Question: I just interviewed with my dream employer. I did my research, felt prepared and confident about the meeting, but as soon as the recruiter and I connected on video, I panicked.

From the start, she seemed irritated about doing the interview, asked pointed questions and seemed unhappy with each of my responses. Within moments, I felt myself crumble and I’m sure my insecurities were obvious.

What could I have done to salvage the interview?

Answer: I’m sorry this happened. All of your groundwork can’t always prepare you for the emotional turmoil of feeling “off” from the beginning of the interview. Let’s look at what could have happened in that meeting:

It’s not uncommon to start an internal dialogue with yourself if you feel things aren’t going well in an important meeting, like an interview. Instead of supporting negative beliefs, which could be erroneous, try reinforcing positive beliefs and actions.

  • Take a deep breath if you feel yourself getting flustered. Pause, inhale and exhale slowly. Then ask the interviewer a clarifying question, such as, “I feel like I’m not being specific. May I have another chance to address your second question?” This could tell the interviewer that you’re aware you’re not showing your best self and may even alert them to their own negative behavior.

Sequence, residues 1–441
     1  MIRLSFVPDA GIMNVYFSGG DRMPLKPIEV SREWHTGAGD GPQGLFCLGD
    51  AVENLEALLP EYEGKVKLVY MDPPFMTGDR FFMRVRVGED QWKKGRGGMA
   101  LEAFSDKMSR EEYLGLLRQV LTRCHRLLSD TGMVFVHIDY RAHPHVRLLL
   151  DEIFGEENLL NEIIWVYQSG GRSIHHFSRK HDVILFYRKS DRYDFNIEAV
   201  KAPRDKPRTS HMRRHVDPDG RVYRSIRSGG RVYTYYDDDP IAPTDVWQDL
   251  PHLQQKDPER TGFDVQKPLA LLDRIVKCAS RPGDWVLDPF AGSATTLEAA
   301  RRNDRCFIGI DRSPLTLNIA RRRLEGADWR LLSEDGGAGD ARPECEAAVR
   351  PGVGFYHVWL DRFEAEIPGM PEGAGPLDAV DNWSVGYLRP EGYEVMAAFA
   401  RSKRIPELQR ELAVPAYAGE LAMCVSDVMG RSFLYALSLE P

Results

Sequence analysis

• If you can, as you tell yourself things aren’t going well and the interviewer is disinterested in you, reframe what’s happening. Reassure yourself, “This is OK. I’m OK. It’s going fine. Stay calm and remember you’re prepared.” When you do this in the moments between interview questions, you reframe what you’re seeing and then how you’ll respond to it.
      • Things may not have been as bad as you imagined. Your perception of the experience may have been off because of your internal dialogues. It’s possible the recruiter appreciated your patience, directness and responses to her questions. Before you write it off as a disaster, see how it plays out.

If you are afforded another opportunity to interview, see how that one goes. If it’s similar to the first one, perhaps this indicates flaws in the company culture that you should consider before proceeding. If the next interview is more positive, then either your assessment of the first meeting was off, or you really did better than you believed.

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